Human Rights Watch (HRW) has said social media, which normally serves as an independent and reliable source of information, has played a central role in shaping the public debate as the country holds critical presidential and parliamentary elections today.
“… it is imperative that social media platforms and the wider internet remain accessible so the public can follow the work of independent election monitors and reporting around the vote count. Given the sorry state of Turkey’s mainstream media, the integrity of Turkey’s election depends upon it,” the rights group said in a statement on Friday.
HRW said Turkey’s mainstream media, where most people get their news, is overwhelmingly aligned with the government. The rights group said a recent study found that over the past month state broadcaster TRT devoted 32 hours of coverage to President Recep Tayyip Erdoğan’s speeches but just 32 minutes to those of Kemal Kılıçdaroğlu, his main rival for the presidency, which made opposition parties take to social media, depending on independent news websites and live streaming platforms to reach Turkey’s public.
HRW, however, said online platforms, such as Twitter, Facebook, YouTube and others are also where vicious aspects of a highly divisive political campaign led by the government have played out. Over the past week, a Twitter account impersonating various Turks began circulating threats of a fake “sex tape” aimed at discrediting another presidential candidate, Muharrem İnce, which contributed to his withdrawal from the race. After being exposed by an independent researcher, the account was temporarily deactivated, apparently by whoever operated it.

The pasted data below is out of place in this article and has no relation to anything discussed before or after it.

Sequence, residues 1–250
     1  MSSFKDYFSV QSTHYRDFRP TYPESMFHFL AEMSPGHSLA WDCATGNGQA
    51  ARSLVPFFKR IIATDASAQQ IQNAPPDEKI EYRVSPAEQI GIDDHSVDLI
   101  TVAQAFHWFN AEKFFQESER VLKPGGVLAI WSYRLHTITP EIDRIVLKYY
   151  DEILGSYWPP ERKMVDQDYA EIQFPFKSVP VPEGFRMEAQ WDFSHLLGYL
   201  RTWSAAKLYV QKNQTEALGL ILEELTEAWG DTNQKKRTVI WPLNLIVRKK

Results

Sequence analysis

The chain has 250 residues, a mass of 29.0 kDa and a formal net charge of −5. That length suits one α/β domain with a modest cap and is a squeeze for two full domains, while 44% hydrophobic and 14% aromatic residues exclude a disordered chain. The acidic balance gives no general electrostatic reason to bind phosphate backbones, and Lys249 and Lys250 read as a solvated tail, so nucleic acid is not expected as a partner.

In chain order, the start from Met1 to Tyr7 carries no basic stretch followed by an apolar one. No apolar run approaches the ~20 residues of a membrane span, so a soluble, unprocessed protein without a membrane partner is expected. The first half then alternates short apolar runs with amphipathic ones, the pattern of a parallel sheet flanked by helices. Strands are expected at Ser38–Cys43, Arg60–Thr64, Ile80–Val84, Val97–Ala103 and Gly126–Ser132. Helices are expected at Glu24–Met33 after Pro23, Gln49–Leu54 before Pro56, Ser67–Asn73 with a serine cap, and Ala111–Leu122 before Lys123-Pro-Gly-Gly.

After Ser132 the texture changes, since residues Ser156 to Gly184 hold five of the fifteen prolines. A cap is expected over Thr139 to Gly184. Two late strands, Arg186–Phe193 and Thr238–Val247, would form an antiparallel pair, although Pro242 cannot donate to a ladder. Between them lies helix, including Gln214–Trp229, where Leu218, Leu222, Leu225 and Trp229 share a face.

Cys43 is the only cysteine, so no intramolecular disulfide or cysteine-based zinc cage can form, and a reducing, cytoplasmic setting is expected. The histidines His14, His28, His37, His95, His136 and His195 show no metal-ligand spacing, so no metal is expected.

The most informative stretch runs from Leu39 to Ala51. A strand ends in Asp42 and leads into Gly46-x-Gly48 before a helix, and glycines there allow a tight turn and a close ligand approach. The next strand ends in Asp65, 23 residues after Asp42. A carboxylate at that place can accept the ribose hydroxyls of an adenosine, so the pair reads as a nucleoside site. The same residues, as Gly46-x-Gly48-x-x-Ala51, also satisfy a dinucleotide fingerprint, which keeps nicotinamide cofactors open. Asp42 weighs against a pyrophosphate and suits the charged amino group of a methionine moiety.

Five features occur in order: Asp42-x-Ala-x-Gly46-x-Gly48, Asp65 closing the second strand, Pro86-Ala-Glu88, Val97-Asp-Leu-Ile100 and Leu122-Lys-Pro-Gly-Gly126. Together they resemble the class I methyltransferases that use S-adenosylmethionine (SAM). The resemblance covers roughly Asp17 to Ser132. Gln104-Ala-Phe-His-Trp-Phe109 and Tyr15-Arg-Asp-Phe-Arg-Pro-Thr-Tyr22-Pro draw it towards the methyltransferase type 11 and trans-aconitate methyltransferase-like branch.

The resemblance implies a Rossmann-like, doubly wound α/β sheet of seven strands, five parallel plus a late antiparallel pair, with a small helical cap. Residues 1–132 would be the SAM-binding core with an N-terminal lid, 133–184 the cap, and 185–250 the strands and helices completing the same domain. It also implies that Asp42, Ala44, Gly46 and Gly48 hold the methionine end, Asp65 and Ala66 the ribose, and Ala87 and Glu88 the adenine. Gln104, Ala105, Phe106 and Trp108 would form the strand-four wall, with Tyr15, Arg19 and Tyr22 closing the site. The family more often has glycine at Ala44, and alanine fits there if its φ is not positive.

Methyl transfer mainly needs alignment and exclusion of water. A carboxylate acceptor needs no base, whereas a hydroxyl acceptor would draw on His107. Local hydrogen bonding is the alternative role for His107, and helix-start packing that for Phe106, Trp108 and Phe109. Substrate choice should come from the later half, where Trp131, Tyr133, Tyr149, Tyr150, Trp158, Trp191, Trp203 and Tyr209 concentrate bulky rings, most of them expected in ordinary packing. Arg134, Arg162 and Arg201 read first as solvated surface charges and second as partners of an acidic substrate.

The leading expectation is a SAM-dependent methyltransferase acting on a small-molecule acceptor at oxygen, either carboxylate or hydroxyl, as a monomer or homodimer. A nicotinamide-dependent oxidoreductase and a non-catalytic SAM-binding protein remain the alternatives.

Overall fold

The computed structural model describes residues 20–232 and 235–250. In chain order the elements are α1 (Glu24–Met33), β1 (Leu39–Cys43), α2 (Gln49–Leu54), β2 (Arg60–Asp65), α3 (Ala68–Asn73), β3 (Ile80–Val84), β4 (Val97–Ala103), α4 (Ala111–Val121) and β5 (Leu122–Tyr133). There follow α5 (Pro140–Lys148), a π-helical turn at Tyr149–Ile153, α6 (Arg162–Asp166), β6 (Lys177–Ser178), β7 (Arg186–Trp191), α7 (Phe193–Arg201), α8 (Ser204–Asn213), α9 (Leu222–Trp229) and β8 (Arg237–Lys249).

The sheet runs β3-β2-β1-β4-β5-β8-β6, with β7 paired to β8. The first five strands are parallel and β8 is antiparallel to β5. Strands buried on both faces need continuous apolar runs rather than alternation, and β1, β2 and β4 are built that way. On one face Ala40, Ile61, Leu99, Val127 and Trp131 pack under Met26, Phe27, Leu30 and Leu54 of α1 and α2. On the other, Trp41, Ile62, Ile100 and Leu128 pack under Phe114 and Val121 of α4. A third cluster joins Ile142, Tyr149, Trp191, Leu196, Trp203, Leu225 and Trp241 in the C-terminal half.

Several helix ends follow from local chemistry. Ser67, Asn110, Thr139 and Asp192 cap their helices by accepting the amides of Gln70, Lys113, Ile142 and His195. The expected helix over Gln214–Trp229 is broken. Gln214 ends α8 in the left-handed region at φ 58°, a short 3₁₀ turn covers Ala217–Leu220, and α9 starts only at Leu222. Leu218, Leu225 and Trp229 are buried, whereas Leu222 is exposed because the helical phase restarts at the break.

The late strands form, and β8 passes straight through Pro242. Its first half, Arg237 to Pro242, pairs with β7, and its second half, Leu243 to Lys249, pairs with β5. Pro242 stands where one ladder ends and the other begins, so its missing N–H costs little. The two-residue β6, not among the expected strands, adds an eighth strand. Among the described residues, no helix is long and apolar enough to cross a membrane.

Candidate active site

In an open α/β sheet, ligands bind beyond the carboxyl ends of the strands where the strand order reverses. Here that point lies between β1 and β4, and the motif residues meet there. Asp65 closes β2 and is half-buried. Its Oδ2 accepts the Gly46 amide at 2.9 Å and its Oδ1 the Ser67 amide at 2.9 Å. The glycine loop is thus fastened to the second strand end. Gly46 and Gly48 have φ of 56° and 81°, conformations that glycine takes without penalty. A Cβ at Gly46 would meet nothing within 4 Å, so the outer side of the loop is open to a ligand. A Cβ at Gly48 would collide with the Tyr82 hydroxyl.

HRW said social media companies have been inconsistent and nontransparent in their approach to content moderation and account authenticity, which in the Turkish case contributes to muddying an already fraught political scene.
“Platforms should ensure they are devoting adequate resources to meet their human rights responsibilities, especially during elections.”
Just one day after HRW’s statement, Twitter restricted access in Turkey to certain account holders to ensure the platform “remains available to the people of Turkey,” seen by critics as giving in to Erdoğan.
The accounts that were restricted by Twitter include those of Kurdish businessman Muhammed Yakut and investigative journalist Cevheri Güven. The timing of these restrictions, coming only a day before a critical election in which President Erdoğan is reportedly trailing, has raised concerns that the move was politically motivated, potentially stifling voices of dissent and impacting the election’s outcome.